Since Castillo took over as defensive coordinator at the start of last year, only eight teams have allowed fewer points and only seven teams have allowed fewer yards. The Eagles finished last year ranked eighth in the NFL in defense, and they're 11th this year. In back-to-back games, they held the Giants and Steelers to 17 or fewer points.
But they've also lost six games since the start of last year that they led going into the fourth quarter, and Sunday's collapse against Detroit was the last straw. After a 3-1 start, they’re 3-3 with a bye week this weekend.
It’s confused me how, for three quarters, the Eagles defense can actually look quite good. But then, when it really counts, they morph into an amoeba, seemingly put on the field to bend their way around opponents' receiving routes.
Bill Simmons, Grantland:
I love Andy Reid – he just scapegoated the defensive coordinator that he never should have hired in the first place.
Obvious. But very true.
Zach Berman, Philly.com:
This move could be viewed two ways: Reid admitting he made a mistake hiring Castillo, his long-time offensive line coach, as defensive line coach in 2011. Reid stuck with Castillo this season. It could also be viewed Reid as scapegoating Castillo for problems that are bigger — such as an offense that struggles to score and turns the ball over, and a defensive lune that struggles to pressure the quarterback.
Or it could be viewed as both.
Dan Graziano, ESPN.com:
But the announcement Tuesday morning that Eagles head coach Andy Reid has fired defensive coordinator Juan Castillo isn't about whether Castillo was to blame for the Eagles' 11-11 record since the start of 2011. It's not about whether Todd Bowles will do a better job. It's not about whether it was a good idea in the first place to promote Castillo from offensive line coach to defensive coordinator or whether he ever could have been a good one.
This decision is about desperation, and it is the clearest sign yet that Reid understands he's coaching under serious job-security pressure for the first time in the 14 years he's spent in Philadelphia.
If anything, though, firing Castillo makes Reid look worse, not better. Lurie ain't dumb. He knows this was Reid’s decision. Fixing the defense (read: blitzing) won’t allow Michael Vick to hold onto the ball or for LeSean McCoy to run it more.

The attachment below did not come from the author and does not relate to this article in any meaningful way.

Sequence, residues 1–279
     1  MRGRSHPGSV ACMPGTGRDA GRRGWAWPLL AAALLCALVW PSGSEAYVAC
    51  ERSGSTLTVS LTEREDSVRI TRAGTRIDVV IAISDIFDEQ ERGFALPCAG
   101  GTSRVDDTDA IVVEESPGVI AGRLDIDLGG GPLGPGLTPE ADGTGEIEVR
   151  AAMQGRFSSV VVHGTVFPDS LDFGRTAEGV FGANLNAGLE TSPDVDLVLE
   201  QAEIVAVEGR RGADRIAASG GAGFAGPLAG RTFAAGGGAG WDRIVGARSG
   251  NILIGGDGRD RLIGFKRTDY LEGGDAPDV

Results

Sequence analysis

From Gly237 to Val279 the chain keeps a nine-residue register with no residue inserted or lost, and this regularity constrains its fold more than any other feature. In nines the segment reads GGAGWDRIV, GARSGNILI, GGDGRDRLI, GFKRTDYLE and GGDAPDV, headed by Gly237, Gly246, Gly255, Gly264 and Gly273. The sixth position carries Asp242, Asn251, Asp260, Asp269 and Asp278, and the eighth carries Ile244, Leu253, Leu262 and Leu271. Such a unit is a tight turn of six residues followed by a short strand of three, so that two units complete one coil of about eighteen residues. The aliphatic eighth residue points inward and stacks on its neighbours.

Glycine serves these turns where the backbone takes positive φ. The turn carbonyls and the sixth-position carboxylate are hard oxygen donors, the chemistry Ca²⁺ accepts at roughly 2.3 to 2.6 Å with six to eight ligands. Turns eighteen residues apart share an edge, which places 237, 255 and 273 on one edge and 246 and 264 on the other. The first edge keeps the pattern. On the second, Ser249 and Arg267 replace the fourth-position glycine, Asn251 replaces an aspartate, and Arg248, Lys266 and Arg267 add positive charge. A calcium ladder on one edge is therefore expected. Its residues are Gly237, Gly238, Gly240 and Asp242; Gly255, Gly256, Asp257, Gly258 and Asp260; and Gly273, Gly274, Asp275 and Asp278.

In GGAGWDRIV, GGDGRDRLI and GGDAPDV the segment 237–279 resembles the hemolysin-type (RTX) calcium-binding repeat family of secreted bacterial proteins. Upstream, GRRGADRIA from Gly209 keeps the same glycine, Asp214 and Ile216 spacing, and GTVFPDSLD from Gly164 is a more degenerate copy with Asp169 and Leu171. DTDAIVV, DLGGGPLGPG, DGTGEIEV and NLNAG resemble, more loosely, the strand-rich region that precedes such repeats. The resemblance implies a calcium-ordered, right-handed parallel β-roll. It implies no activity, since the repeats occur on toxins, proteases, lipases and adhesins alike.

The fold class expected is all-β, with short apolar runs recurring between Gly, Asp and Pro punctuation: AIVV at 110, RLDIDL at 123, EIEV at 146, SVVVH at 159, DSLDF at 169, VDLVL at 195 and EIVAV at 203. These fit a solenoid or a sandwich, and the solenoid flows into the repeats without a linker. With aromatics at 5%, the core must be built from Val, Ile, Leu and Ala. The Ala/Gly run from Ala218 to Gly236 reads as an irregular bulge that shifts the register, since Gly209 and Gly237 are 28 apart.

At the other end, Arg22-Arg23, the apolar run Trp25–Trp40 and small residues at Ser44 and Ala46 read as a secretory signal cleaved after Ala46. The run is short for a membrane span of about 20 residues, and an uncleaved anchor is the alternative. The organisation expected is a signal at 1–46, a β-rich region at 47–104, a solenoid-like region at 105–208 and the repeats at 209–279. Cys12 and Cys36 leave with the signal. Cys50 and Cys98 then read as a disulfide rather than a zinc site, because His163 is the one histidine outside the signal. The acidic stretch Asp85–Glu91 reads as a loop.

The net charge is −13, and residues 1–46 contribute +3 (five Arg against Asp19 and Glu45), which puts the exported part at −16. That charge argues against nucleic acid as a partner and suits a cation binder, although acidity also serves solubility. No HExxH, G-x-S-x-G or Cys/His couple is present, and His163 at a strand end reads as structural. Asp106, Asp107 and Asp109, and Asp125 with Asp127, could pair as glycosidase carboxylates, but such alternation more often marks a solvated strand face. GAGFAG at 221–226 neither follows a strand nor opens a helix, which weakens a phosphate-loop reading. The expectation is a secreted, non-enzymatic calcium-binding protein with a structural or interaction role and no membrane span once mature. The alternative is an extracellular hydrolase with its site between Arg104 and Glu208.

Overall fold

Brian McIntyre, Yahoo!:
The internal blame game began following the Eagles' 26-23 overtime loss to the Detroit Lions on Sunday, a game they led by 10 points with less than six minutes to play. Someone had to go and despite the improvement the Eagles defense has made on third downs and in the red zone, where the unit ranks in the Top 5 in the NFL this season, the obvious scapegoat was Castillo.
As for Bowles, this will be his first opportunity to coordinate an NFL defense, but is not his first experience taking over a unit midway through a season. The 48-year-old former NFL defensive back with the Washington Redskins and San Francisco 49ers finished out the 2011 season as the Miami Dolphins' interim head coach, leading the team to a 2-1 finish. Bowles' name has surfaced among NFL head coaching candidates and he was reportedly in the mix for the Dolphins' full-time job and drew interest from the Oakland Raiders and St. Louis Rams, as well. If the wheels continue to come off the Eagles bus, and Reid either walks away or is fired in Philadelphia, Bowles could be the replacement.
In other words: Bowles is Ryne Sandberg. Sandberg is Bowles. Ruben Amaro approves of this macabre promotion.
Jason Lisk, The Big Lead:
Andy Reid is at the end of his line if the Eagles don’t make the postseason, I have little doubt. Last year, he survived a rough start as the team surged late to get to 8-8. In the competitive Eastern Division, I don’t think ownership can sell another season of moving backwards. Fourteen years is a really long tenure in the NFL in one spot, especially for a coach who has not won a Super Bowl. As I talked about in regard to Jeff Fisher leaving Tennessee two years ago, no coach, even legends, has gone longer than eleven years with the same organization without a Super Bowl appearance. This is year nine after the one appearance.
Nowhere else, or under no other owner, could a coach have so many failures and still have a job.
Gregg Rosenthal, NFL.com:
These are the moves you make when you know your job is on the line. Eagles owner Jeffrey Lurie made it clear that anything short of a playoff appearance this year will get Reid fired. Reid has ten games to save his own job. He looked at this coaching swap just like he would look at his depth chart.
So much for professional loyalty.